In accordance with an embodiment of my invention, it has been found that the images obtained on paper, in particular, when pigments comprised of crystals having an irregular and angular shape are used, show characteristics that had never been obtained up to now. That is, these images are characterized by a gloss or specular reflection ratio which is a function of the optical density by reflection in each point of the image, which gives them an unusual aspect likely to be variously used in the systems in which images are viewed under reflected light. In fact, contrast varies according to the angle of incidence, the reflective power of the black areas being substantially independent of such angle, whereas the reflective power of the highlight areas varies very much with such angle. The images thus defined are a part of my invention. A procedure for obtaining such images is described in Example V.
The process in accordance with my invention is capable of many applications in decorating techniques and, in particular, for preparing enamels on glass, ceramic or metal bases. For instance, an image is developed on a ceramic base with a pigment capable of being glazed and, by firing it at a sufficiently high temperature, the enamel constituted by the pigment is glazed and hardened while the light-sensitive coating is eliminated. An image that does not deteriorate is thus finally obtained.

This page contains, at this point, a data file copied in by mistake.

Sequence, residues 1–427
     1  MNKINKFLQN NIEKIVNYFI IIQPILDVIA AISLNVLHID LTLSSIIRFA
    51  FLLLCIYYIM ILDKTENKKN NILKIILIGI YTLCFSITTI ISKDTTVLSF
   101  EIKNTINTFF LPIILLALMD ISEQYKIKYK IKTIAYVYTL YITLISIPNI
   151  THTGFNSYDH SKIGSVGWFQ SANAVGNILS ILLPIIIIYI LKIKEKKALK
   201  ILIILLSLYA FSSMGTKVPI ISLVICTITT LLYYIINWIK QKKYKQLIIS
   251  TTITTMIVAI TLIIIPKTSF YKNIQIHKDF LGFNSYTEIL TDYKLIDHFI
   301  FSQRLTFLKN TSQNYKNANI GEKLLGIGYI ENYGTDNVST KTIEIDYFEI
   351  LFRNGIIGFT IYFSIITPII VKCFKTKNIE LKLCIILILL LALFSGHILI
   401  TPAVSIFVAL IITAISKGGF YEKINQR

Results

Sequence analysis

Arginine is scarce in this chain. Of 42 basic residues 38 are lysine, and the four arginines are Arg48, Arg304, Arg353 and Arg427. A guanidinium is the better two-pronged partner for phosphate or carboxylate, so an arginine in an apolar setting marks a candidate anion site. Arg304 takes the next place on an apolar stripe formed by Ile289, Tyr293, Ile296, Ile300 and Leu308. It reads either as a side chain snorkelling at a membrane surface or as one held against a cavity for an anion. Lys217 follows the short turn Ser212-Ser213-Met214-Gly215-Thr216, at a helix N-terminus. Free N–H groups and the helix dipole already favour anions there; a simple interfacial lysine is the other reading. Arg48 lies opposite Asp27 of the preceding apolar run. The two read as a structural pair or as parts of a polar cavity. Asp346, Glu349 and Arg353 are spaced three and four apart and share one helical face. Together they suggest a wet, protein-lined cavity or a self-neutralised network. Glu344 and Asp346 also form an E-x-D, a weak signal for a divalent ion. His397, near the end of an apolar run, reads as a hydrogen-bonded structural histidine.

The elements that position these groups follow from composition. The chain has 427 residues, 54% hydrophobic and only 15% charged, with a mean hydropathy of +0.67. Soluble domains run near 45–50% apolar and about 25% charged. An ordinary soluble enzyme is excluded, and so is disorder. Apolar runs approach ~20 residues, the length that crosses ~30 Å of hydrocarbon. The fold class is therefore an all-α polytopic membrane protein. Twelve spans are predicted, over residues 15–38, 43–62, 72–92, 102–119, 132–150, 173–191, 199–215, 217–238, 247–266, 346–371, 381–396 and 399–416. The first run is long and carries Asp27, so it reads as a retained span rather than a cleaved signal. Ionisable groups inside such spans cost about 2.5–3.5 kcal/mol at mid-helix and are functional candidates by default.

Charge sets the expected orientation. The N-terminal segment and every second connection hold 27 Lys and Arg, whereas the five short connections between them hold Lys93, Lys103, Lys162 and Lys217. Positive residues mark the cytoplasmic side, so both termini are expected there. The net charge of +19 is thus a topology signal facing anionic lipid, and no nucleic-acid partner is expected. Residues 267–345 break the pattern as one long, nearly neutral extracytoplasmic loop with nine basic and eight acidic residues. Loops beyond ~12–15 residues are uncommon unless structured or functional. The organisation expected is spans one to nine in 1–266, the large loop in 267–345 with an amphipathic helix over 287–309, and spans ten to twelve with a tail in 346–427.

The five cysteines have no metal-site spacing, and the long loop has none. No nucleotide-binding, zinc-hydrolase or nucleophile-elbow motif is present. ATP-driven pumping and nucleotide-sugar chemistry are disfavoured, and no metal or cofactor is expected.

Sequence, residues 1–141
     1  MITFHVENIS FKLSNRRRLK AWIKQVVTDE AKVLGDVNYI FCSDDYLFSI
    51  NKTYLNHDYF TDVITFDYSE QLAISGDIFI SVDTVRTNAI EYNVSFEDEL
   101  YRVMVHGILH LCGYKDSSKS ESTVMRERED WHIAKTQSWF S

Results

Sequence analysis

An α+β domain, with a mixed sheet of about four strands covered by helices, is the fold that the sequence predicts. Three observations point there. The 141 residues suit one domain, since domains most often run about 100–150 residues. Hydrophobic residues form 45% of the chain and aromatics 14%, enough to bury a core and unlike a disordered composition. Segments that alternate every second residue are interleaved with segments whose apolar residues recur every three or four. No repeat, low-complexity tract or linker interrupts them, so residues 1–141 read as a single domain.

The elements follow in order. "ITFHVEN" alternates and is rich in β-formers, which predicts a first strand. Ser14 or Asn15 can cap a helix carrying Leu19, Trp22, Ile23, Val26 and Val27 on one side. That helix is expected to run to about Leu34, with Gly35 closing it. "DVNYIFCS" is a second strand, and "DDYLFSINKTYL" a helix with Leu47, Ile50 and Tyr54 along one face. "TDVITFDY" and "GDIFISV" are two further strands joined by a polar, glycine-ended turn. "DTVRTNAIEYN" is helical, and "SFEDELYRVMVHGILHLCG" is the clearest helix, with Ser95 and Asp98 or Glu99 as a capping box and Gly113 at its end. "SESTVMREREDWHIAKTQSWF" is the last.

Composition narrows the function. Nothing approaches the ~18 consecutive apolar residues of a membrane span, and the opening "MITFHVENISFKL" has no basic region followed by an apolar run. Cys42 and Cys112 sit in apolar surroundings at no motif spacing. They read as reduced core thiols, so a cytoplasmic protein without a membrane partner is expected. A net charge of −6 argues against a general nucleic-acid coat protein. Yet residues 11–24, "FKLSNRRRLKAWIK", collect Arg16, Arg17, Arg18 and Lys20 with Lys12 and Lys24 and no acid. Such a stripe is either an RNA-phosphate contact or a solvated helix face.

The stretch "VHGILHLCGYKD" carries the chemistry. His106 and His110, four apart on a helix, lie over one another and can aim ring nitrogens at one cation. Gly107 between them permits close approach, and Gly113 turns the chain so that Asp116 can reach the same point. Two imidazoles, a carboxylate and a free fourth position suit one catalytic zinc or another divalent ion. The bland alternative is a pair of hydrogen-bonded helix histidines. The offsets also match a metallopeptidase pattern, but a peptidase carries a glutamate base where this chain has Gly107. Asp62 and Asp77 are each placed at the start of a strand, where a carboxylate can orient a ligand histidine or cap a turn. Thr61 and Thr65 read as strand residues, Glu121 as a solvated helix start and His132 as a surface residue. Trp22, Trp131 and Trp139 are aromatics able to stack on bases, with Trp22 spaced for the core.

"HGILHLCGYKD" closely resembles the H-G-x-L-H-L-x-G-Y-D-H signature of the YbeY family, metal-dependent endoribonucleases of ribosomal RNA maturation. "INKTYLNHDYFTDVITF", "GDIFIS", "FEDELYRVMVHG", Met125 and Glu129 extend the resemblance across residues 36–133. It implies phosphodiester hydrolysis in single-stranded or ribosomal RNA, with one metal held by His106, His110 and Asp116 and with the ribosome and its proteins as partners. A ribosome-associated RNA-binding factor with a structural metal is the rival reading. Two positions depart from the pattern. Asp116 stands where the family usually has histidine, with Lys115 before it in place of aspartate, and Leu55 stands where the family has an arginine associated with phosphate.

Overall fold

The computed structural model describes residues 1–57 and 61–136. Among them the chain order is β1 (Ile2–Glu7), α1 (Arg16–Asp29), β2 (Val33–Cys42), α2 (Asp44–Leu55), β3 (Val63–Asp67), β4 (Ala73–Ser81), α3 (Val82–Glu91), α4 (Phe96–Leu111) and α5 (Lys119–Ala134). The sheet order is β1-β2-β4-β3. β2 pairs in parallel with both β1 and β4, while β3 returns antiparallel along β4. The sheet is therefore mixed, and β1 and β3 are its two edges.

This process may also be used in letterpress for obtaining reversed negatives or for evaluating a set of color selection negatives. In the latter case, it suffices to prepare three or four pigmented images on a dimerizable light-setting coating applied on a very thin transparent support such as a support of poly (ethylene glycol terephthalate) having a thickness of 35 microns, by exposure through each of the color separation positives, followed by the above described softening and pigmenting operations, using the pigments of the inks that will be used for the printing operation. The correct registering of such images placed on a white paper background will give, prior to the preparation of the letterpress chases, an idea of the printed image that may be obtained.